Olympic Opener Will Be Spectacular But Not Secret

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By JILL LAWLESS, Associated Press

LONDON (AP) — The London Olympics opening ceremony will be a grand spectacle — but will it be a surprise?

In a word, no.

Director Danny Boyle wants the details to stay secret and games chief Sebastian Coe has pleaded for insiders to stop leaking details of the extravaganza. But in the age of camera phones and social media, with 10,000 performers in the ceremony, thousands of Olympic security and staff and more than 10,000 journalists already at the Olympic Park, not much can be kept out of the public domain.

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"Part of the modern world means you can't really do that," Boyle acknowledged about keeping secrets as he showed journalists a mock-up of the set for the opening scene of the ceremony, weeks before the event.

So, a spoiler alert: Stop reading now if you want Friday's opening ceremony to be a surprise. Stop, stop, stop.

But if you are as irresistibly curious as the rest of us, well, prepare for everything from James Bond to Lord Voldemort to a spoonful of sugar.

Boyle has revealed only selected details about the show, But since the performers started rehearsals in June at the Olympic Stadium — and an army of journalists started arriving to cover the July 27-Aug. 12 games — a trickle of details about the 27 million pound ($42 million) opening ceremony has become a torrent.

The leaks became too much for Coe, who tweeted: "Share the frustration of volunteer performers and the public at Opening Ceremony being unofficially trailed. Let's (hash)savethesurprise."

His imploring hashtag fell on deaf ears. Still more information emerged.

So what do we know?

The ceremony's theme is "Isles of Wonder," inspired by William Shakespeare's play about shipwrecked castaways, "The Tempest." An actor is due to recite Caliban's speech, the one that runs "Be not afeard; the isle is full of noises." Mark Rylance, who had been due to perform the lines, pulled out after the death of his stepdaughter. Kenneth Branagh is rumored to be his replacement.

Despite Boyle's enchanted-island inspiration, few expect the man who depicted Scottish heroin addicts in "Trainspotting" and Indian slum dwellers in "Slumdog Millionaire" to deliver a sanitized image of Britain.

It sounds more like Isles of Wonder and Woe — with a big dash of British whimsy thrown in.

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Boyle has said the show is "trying to show the best of us, but we're also trying to show many, many different things about our country."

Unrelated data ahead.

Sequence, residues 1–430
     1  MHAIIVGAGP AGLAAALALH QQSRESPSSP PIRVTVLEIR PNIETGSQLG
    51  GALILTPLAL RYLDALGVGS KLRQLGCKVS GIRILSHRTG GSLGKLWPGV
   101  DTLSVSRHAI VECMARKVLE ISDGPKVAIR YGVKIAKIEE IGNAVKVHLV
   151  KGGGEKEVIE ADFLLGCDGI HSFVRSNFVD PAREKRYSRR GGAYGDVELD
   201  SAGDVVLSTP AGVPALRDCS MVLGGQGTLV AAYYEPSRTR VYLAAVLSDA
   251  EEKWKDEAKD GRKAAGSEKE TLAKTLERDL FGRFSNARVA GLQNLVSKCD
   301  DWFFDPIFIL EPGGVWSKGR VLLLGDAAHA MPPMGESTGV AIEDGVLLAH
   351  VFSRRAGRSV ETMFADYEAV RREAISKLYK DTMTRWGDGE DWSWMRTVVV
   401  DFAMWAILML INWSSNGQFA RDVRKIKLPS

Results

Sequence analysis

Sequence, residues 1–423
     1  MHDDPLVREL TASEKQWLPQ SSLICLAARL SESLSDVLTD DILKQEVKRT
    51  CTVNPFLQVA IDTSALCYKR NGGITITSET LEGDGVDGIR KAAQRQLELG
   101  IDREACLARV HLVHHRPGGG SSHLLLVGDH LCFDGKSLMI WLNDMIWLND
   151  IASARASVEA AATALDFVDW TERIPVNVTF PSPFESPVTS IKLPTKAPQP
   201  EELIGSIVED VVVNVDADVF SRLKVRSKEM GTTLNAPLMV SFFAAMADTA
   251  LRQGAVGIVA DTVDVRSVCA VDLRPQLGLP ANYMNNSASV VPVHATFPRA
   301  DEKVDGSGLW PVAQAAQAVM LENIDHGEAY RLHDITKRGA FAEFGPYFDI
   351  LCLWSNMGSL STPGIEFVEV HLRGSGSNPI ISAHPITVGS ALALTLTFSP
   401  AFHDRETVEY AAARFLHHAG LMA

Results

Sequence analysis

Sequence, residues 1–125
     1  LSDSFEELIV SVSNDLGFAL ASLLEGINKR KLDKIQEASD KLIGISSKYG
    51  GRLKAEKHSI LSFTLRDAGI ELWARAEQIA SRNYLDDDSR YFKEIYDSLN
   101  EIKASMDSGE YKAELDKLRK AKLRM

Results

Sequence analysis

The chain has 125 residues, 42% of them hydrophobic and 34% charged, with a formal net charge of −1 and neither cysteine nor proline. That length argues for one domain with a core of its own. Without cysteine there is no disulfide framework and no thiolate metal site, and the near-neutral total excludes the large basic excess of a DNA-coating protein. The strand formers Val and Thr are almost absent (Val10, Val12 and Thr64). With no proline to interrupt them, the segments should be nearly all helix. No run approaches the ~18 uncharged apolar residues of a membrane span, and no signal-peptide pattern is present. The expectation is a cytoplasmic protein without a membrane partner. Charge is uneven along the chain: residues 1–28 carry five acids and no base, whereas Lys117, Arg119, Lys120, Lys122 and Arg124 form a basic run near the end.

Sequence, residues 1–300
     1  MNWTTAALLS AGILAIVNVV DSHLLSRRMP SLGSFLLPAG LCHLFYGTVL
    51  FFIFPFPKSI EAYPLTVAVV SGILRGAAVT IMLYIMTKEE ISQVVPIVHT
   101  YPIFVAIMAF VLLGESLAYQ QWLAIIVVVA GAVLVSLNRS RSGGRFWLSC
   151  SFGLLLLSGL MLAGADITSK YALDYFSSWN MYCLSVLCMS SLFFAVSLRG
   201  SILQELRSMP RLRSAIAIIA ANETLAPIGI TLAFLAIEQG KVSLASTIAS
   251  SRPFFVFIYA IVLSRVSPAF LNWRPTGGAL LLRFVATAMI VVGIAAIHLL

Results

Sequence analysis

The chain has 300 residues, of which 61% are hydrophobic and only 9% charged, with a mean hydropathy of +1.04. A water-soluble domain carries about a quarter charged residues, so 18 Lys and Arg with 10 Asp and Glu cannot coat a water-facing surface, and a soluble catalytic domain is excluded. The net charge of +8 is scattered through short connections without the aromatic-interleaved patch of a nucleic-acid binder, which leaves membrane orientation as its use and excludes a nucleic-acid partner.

The ceremony will open at 9 p.m. with the sound of a 27-ton bell — the largest harmonically tuned bell in the world — forged at London's 442-year-old Whitechapel Bell Foundry, which made London's Big Ben and Philadelphia's Liberty Bell.

A prerecorded segment has been filmed inside Buckingham Palace, reportedly involving Queen Elizabeth II and Daniel Craig as secret agent James Bond. If rumor is to be believed, a stuntman dressed as 007 will parachute into the stadium to start the show.

The opening sequence will evoke a pastoral idyll, the "green and pleasant land" described in William Blake's poem "Jerusalem," which has been set to music and is regarded as England's unofficial national anthem. There's a meadow, livestock, a farmer plowing his field, a cricket match — and, in a nod to Britain's plethora of rural summer music festivals, a mosh pit.

Boyle hasn't disclosed what comes next, but has said the ceremony will depict Britain's past, present and future for a global television audience estimated at 1 billion. In addition to the athletes and performers, some 60,000 spectators will be in the stadium, including political leaders from around the world. U.S. first lady Michelle Obama and her daughters and a sprinkling of European and celebrity royalty will be among those attending.

Aerial photographs of the set for the second section of the show depict dark buildings and smokestacks with the River Thames running through it. This is the other side of the country described in "Jerusalem" — a land of "dark satanic mills."